The very first video game I ever played was
"Shark Attack" for Atari 2600. This early memory
established my love for both sharks, and video games (not necessarily in that
order). As I grew up, I owned several game consoles like the NES, SNES, Sega,
PlayStation/PlayStation 2, Nintendo 64, Xbox 360 and the Wii.
I didn't, however, play very many PC games while
growing up. I had arcade-style games like "Frogger" for
Windows 95, and dabbled in "Diablo ll" in my Windows 98 days. More
recently, I had an infatuation with "World of Warcraft" and "Spore," but
that's about it.
Fast forward to summer 2009, when I first created
my Facebook. I realize I jumped on the Facebook bandwagon a little later than
most, but I was anti-social networking up until that point. Curiosity got the
best of me, eventually.
The first month of having a Facebook was confusing
for someone who knew nothing about it. My problem wasn't the fact that I
couldn't figure out how to post a status or add friends or anything, but
rather, I didn't understand the barrage of game requests. I thought Facebook
was just MySpace minus the
This brings me to a debate that I've thought about
and read about numerous times, but haven't really discussed with anyone yet:
Are Facebook games considered "real" games?
The first time I made the comparison in my head,
my first thought was, "Absolutely not." Facebook games are completely
ridiculous and uninteresting. Zynga's little farm animals on FarmVille and
gangsters on Mafia Wars do not compare to a console or PC game, which has a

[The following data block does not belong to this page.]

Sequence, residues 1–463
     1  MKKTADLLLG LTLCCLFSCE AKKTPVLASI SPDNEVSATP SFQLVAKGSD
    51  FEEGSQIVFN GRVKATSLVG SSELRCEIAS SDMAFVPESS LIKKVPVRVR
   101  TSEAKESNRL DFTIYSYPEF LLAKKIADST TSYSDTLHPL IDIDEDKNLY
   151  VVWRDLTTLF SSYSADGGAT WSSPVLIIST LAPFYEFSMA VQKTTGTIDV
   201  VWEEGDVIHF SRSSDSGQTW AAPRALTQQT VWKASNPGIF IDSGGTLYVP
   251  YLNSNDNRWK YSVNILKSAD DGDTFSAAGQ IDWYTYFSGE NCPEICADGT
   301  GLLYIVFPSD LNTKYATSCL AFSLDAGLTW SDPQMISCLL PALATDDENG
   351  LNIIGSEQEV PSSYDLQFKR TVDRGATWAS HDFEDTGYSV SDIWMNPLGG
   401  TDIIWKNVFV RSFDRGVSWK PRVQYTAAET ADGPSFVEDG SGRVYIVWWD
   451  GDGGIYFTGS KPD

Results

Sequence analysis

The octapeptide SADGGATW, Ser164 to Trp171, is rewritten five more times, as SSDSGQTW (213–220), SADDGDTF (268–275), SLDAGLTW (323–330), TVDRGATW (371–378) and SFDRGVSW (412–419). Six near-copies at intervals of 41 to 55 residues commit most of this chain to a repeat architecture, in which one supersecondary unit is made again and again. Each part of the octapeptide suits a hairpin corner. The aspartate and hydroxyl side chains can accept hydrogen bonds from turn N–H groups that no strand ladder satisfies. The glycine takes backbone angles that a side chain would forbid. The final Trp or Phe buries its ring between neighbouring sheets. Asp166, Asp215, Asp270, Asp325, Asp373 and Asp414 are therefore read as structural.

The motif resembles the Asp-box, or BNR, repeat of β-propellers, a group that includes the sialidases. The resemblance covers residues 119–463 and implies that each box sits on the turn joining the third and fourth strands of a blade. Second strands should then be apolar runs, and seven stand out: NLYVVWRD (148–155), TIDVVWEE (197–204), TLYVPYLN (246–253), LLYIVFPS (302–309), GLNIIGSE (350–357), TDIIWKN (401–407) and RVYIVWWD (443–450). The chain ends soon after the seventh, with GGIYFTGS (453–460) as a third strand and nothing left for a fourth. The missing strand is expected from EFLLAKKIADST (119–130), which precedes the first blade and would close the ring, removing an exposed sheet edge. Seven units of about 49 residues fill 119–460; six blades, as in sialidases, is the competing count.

plot, better graphics and better overall gameplay.
But all opinions aside, really think about it. At
this point, has FarmVille evolved to possess these qualities that we love about
console/PC games? Meaning, a plot, better graphics and lengthy, in-depth
gameplay? The things a person can do on FarmVille now as opposed to what they
could do on the game two years ago has progressed by leaps and bounds. For
instance, I saw some random post the other day talking about their U.S. farm
and their British farm. FarmVille is going global, folks.
With the user's character and farm constantly
evolving, it seems players always have more options or choices to make in order
to continuously play the game, while console/PC games tend to take a few hours
or days to beat, and then you're done until a slightly different version is
released a year later for $60 a pop.
I've heard some arguments categorize FarmVille and
other Facebook games with apps on smartphones like Angry
Birds, saying they are just time-wasters. In my opinion, this is absolutely
true for most games on Facebook, and I also feel that way about FarmVille
because I see it as a waste of time. But for those who are hardcore FarmVille
players, this might not be the case. Like the PlayStation Network and Xbox
Live, FarmVille has a large social network that allows "neighbors" to
play the game with one another in real-time, and they do it for hours and
hours, day after day.
My conclusion? You probably think I'm an avid
digital farmer, but that's not what I'm getting at. I simply find it
interesting that a game developed and played much like other role play console/PC
titles is treated like a second-rate citizen, and I'm curious as to why gamers
think this is.
Personally, I'm sticking with the "I'm too
cool for FarmVille" attitude. I like my retro games and select new titles
for my various consoles, and I'm sticking to it. For me, the biggest problem is
that the game is just uninteresting and annoying, especially when I have to
watch my aunts and 10-year-old nieces posting "PLEEZ HELP MY FARM!!! SEND
ME RABBITS!!11!" every two minutes. It's cult-like, kind of like die-hard
Apple fans shaving Apple's into the back of their heads and selling
kidneys for an iPad 2.
I can sit here and laugh at all the people
exchanging digital pigs on Facebook, but Facebook may get the last laugh if its games
make it the biggest bank by 2015 as Ken Rutkowski, founder and president of Metal
International, predicted last month.
But my question stands: What makes FarmVille
"less than" console/PC titles as far as development and gameplay
goes? What specific characteristics must it obtain to reach the ultimate status
of being a "real" game?